In an earlier blog post on Future Students, I mentioned my work as an advisor with the American Council on Education’s Learner Success Lab. ACE’s lab model is used by institutions as a comprehensive change management tool. When I was Associate Provost and Dean at Salem State University, a comprehensive public regional on Metro Boston’s North Shore, I had the opportunity to co-chair Salem State’s work in ACE’s comprehensive internationalization lab. I had been so impressed with the effectiveness of this model that I jumped at the opportunity to serve as an advisor when ACE launched the Learner Success Lab in 2020.
The lab model brings together teams from higher ed institutions (10-15 at a time) for a period of roughly 18 months, pairs teams with advisors, and leads them through a change management process giving them access to tools, peers, experts, and accountability mechanisms. The learner success lab focuses on “persistence and completion, life design and career exploration, and workforce skills development” with the institutional goal of creating an overall strategy for learner success. The focus is on analyzing current policies, practices, and the utilization of resources to develop a set of recommendations to better align these elements to focus on learner success. This is approached by looking at existing work in the following areas: 1-Life Design; 2-Career Readiness; and 3-Completion.
I am currently working with institutions in two cohorts. I am an advisor to Western Oregon University (WOU) in the first cohort and New Jersey City University (NJCU) in the second cohort. The first two weeks in February were packed with Learner Success Lab insights.
On February 2, I spent a very full day on the campus of NJCU for what is known as the site visit. The lab process for cohort 2 launched in the fall of 2021 and will wrap up in the spring of 2023. The advisor makes two visits to each of the institutions they are matched with. The site visit is done early on in the lab process to get a sense of the campus and the various stakeholders. In my day at NJCU, I started off with a student-led tour of the campus and then met with the lab team, the lab committee, an enrollment management team, a group of student leaders, the all university advisor group, and I had a one-on-one meeting with President Henderson followed by a meeting with Provost Jhashi. I had lunch with the academic deans, provost, and team leaders and dinner with the provost and team leaders. At the end of the day, one member of the team asked me what was most surprising about NJCU. My reply was unexpected. I shared that I was shocked to see that the College of Arts and Sciences was housed in a Michael Graves building! Another team member quickly replied - we also have a Maya Lin sculpture on campus. WOW! You can see Wall Street and much of lower Manhattan from Jersey City. It is a pretty phenomenal place. The students were lovely - always! About half of them were from Jersey City. The majority of the students I met identified as both first generation and BIPOC. The faculty and staff were engaged, student-centered, and passionate about their work. It was inspiring to spend time with them.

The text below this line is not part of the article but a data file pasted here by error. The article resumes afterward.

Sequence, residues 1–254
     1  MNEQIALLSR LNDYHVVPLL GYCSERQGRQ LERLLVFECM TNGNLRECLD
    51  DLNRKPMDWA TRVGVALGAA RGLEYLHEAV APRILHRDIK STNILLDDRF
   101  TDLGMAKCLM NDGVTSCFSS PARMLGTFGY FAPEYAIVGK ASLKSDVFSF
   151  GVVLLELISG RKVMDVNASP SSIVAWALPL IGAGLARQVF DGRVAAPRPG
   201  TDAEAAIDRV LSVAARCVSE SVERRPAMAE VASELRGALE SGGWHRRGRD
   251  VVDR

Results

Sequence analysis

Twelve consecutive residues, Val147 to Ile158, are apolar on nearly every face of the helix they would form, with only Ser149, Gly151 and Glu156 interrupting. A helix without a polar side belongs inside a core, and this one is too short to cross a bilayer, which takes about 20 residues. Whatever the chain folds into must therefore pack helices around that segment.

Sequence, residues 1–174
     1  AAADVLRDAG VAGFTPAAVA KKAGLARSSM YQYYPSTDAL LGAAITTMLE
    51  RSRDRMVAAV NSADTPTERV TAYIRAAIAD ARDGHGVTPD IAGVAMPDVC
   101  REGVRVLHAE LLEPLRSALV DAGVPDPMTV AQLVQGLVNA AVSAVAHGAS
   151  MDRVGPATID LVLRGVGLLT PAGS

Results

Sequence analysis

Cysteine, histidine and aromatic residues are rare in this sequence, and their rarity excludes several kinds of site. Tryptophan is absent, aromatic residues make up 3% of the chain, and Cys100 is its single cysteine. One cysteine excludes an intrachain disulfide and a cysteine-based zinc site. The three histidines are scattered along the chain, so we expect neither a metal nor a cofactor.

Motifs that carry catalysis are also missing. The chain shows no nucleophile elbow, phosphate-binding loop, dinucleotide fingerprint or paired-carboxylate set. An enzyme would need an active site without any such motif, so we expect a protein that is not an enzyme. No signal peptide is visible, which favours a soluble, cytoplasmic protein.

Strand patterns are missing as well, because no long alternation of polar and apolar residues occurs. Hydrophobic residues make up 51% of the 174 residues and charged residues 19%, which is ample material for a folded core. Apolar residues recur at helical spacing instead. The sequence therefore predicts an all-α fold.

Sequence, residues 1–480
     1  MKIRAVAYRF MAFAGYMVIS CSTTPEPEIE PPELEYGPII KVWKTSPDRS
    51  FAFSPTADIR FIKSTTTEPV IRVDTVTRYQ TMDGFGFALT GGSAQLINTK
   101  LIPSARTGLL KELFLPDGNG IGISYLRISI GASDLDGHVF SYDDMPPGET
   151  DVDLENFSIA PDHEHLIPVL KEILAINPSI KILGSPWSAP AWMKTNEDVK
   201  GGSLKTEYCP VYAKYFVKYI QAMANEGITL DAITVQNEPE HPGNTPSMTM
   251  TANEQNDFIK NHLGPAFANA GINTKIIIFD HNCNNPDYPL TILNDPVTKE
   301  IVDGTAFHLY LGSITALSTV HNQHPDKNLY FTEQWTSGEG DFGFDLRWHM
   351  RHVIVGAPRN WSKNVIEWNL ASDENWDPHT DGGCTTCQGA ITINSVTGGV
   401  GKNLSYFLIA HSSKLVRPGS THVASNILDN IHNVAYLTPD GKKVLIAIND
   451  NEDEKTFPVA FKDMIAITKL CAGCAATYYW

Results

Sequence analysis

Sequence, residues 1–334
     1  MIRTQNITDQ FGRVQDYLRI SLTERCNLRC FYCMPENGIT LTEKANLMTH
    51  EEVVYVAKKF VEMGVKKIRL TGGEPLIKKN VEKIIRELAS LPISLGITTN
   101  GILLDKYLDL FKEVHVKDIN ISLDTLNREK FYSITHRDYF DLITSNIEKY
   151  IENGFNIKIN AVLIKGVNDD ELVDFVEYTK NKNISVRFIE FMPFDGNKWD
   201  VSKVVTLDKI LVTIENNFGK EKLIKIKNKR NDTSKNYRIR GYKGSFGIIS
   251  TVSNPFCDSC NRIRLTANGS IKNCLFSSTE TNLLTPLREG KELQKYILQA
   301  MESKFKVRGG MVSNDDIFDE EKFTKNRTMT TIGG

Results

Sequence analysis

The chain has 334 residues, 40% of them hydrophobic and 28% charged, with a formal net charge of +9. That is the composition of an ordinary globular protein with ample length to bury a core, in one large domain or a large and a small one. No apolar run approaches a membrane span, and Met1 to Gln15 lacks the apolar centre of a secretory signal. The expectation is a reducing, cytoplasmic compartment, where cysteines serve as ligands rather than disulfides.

The next week, on February 10, I spent another very full day advising. This time we were on zoom for a virtual peer visit at WOU. This visit was supposed to be in-person, but Omicron presented too many challenges. My peers were Virginia Fraire, Vice Provost for Student Success and Strategic Initiatives at The University of Texas at El Paso (UTEP), and Jonathan Millen, Dean of the College of Arts and Sciences at University of New England, who joined me in zooming into the Pacific time zone from Mountain and Eastern. This was a culminating experience for the team at WOU. They had much to celebrate. Although they have experienced what many of our institutions have experienced in the last two years - COVID-19, enrollment drops, reductions in staff and faculty, leadership transitions, and doing more with less, they are really doing phenomenal work. The day ended with a symposium that included a student roundtable and a series of presentations of promising practices from faculty and staff. WOU’s president and provost both gave closing remarks that really crystalised the importance of engaging our institutions in campus-wide future-oriented work, especially in times like those we are living through.
In challenging times like these, it is tempting to delay work that involves institutional change. At these institutions, this process created a collaborative space for faculty, staff, administration, and students to work together to create a vision for a future with increased learner success, reminding us of why we are here and of the importance of the work we are doing.
Mary Churchill is the former chief of policy and planning for Mayor Kim Janey in the city of Boston and current associate dean for strategic initiatives and community engagement and director of the Higher Education Administration program at Wheelock College of Education and Human Development at Boston University. She is co-author of When Colleges Close: Leading in a Time of Crisis.